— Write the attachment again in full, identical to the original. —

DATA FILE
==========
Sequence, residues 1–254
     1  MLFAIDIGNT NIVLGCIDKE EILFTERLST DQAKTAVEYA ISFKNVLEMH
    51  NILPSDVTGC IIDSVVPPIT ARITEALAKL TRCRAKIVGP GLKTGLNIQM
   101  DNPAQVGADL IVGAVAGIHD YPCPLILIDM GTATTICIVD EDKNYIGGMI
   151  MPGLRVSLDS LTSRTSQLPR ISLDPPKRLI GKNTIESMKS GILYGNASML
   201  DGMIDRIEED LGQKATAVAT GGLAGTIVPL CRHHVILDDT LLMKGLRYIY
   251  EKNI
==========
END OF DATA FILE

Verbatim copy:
Sequence, residues 1–254
     1  MLFAIDIGNT NIVLGCIDKE EILFTERLST DQAKTAVEYA ISFKNVLEMH
    51  NILPSDVTGC IIDSVVPPIT ARITEALAKL TRCRAKIVGP GLKTGLNIQM
   101  DNPAQVGADL IVGAVAGIHD YPCPLILIDM GTATTICIVD EDKNYIGGMI
   151  MPGLRVSLDS LTSRTSQLPR ISLDPPKRLI GKNTIESMKS GILYGNASML
   201  DGMIDRIEED LGQKATAVAT GGLAGTIVPL CRHHVILDDT LLMKGLRYIY
   251  EKNI